Rousseau on Stage

BookRousseau on Stage

Rousseau on Stage

Playwright, Musician, Spectator

Oxford University Studies in the Enlightenment, 2017:09


September 8th, 2017

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Following his opposition to the establishment of a theatre in Geneva, Jean-Jacques Rousseau is often considered an enemy of the stage. Yet he was fascinated by drama: he was a keen theatre-goer, his earliest writings were operas and comedies, his admiration for Italian lyric theatre ran through his career, he wrote one of the most successful operas of the day, Le Devin du village, and with his Pygmalion, he invented a new theatrical genre, the Scène lyrique (‘melodrama’). 

Through multi-faceted analyses of Rousseau’s theatrical and musical works, authors re-evaluate his practical and theoretical involvement with and influence on the dramatic arts, as well as his presence in modern theatre histories. New readings of the Lettre à d’Alembert highlight its political underpinnings, positioning it as an act of resistance to external bourgeois domination of Geneva’s cultural sphere, and demonstrate the work's influence on theatrical reform after Rousseau’s death. Fresh analyses of his theory of voice, developed in the Essai sur l’origine des langues, highlight the unique prestige of Italian opera for Rousseau. His ambition to rethink the nature and function of stage works, seen in Le Devin du village and then, more radically, in Pygmalion, give rise to several different discussions in the volume, as do his complex relations with Gluck. Together, contributors shed new light on the writer’s relationship to the stage, and argue for a more nuanced approach to his theatrical and operatic works, theories and legacy.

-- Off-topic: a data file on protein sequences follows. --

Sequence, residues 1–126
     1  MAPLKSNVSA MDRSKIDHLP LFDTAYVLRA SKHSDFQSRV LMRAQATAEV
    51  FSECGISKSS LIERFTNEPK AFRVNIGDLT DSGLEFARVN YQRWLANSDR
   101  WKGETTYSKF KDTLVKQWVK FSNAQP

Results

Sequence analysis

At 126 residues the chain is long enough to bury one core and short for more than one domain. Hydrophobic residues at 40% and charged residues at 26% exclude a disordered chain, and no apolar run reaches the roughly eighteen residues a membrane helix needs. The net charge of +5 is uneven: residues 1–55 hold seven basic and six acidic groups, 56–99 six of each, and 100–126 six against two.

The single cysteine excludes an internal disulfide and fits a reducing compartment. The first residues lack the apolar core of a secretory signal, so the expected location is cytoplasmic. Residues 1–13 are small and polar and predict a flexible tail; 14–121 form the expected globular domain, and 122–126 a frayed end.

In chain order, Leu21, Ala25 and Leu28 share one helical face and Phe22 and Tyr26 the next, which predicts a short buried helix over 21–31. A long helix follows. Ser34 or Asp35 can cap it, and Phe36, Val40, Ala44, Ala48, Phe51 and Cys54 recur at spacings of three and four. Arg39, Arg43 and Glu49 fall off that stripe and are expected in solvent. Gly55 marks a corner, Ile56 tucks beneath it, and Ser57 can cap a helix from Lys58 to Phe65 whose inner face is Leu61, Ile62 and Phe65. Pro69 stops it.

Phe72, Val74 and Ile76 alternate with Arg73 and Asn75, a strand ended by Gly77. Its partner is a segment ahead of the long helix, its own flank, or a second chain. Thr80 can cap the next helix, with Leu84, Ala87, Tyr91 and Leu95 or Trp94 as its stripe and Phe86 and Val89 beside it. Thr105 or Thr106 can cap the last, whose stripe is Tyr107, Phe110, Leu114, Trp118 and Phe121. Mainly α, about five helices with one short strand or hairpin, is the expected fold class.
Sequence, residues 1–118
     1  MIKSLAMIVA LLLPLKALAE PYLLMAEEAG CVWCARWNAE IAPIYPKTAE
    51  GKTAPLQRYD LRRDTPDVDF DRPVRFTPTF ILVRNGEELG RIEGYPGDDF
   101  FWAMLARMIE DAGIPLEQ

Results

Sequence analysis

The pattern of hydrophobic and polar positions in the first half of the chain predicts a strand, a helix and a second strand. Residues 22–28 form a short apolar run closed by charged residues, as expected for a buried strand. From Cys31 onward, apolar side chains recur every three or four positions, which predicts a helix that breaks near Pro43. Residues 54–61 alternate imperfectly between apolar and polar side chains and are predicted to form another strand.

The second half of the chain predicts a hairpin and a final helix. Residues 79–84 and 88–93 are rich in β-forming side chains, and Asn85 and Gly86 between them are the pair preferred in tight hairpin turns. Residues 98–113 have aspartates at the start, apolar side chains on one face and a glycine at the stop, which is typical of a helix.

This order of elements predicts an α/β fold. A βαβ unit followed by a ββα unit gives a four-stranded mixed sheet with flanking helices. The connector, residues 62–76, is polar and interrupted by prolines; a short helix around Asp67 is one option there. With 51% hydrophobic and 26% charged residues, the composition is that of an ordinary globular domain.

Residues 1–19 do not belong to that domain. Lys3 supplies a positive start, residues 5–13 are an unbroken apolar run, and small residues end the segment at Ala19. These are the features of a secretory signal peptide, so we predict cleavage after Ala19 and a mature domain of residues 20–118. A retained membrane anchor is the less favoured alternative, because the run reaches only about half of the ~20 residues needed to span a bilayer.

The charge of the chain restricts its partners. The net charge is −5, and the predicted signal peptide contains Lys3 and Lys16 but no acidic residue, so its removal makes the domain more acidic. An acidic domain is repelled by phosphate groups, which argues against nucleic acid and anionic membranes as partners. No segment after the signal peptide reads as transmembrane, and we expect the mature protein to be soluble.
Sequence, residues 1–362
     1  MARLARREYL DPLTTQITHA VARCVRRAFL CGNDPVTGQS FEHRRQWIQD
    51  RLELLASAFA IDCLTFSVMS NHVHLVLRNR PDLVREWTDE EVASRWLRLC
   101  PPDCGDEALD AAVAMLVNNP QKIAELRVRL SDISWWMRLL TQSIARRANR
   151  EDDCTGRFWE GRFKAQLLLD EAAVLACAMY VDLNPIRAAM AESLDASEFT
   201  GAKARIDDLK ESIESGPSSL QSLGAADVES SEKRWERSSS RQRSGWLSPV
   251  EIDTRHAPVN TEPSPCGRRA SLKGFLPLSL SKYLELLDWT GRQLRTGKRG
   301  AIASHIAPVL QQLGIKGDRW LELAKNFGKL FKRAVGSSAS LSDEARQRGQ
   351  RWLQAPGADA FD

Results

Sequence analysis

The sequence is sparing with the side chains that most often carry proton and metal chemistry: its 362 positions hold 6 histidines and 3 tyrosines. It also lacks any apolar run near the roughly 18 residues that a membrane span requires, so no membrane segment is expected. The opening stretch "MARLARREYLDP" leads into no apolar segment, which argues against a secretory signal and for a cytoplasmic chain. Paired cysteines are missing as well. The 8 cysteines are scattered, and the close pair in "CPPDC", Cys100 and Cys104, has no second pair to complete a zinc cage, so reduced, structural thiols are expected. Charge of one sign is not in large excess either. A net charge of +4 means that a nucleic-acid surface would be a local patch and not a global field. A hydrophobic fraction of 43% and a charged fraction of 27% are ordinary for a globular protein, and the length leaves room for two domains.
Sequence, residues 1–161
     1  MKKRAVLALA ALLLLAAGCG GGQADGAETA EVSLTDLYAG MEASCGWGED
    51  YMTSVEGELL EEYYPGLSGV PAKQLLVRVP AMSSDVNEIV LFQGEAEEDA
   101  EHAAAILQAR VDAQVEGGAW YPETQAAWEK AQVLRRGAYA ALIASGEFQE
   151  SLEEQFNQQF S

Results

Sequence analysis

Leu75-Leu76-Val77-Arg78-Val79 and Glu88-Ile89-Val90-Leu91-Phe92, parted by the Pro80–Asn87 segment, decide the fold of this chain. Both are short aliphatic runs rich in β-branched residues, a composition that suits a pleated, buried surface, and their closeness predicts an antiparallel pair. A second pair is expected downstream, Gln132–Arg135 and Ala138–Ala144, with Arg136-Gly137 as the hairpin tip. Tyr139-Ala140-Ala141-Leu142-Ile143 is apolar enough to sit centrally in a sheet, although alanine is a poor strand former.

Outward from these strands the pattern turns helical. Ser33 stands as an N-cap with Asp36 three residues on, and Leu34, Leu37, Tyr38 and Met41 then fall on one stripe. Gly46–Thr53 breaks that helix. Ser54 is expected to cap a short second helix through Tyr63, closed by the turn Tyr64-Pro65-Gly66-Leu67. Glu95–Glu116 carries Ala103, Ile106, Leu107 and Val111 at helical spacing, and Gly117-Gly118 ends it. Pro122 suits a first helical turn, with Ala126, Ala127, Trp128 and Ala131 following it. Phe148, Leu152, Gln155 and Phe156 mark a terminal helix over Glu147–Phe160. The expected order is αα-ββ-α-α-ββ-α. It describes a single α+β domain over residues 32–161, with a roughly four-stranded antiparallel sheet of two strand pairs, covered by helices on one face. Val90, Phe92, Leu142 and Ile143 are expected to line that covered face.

'Rousseau on Stage is a handsome book with thirteen illustrations, and its contributors include some well-known Rousseau scholars, such as Jacqueline Waeber and David Marshall. While the book is directed at an audience of Anglophone postgraduate students and scholars of French theatre, literature, and music, the footnoted translations make the material accessible to readers with little to no knowledge of French.'
Modern Language Review

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Table of Contents

Table of Contents
Section TitlePagePrice
Title Page4
Copyright Page5
Table of contents8
List of illustrations10
List of abbreviations12
Jean-Jacques Rousseau: a theatre and music chronology14
Introduction: ‘La vérité est que Racine me charme’32
Part I: Rousseau as theorist of theatre and opera54
Chapter 1. The anthropological foresight of the Lettre sur les spectacles56
Chapter 2. The dramaturgy of Rousseau’s Lettre à d’Alembert and its importance for modern theatre82
Chapter 3. The voice of nature in Rousseau’s theatre: reconstructing a dramaturgy108
Chapter 4. Rousseau’s Pygmalion and the limits of (operatic) expression134
Part II: Rousseau as playwright148
Chapter 5. Pygmalion’s power struggles: Rousseau, Rameau and Galathée150
Chapter 6. Rousseau and his early comedies: the concept of the comic170
Chapter 7. Rousseau’s Pygmalion and the theatre of autobiography188
Part III: Rousseau’s operatic and theatrical posterity208
Chapter 8. The melodic language of Le Devin du village and the evolution of opéra-comique210
Chapter 9. Rousseau’s ghost: Le Devin du village at the Paris Opera, 1770-1779240
Chapter 10. A theatrophobic dramatist: J.-J. Rousseau’s position in theatre historiography and on today’s stage258
Chapter 11. The judgement of Rousseau: Paride ed Elena by Gluck and Calzabigi (Vienna, 1770)286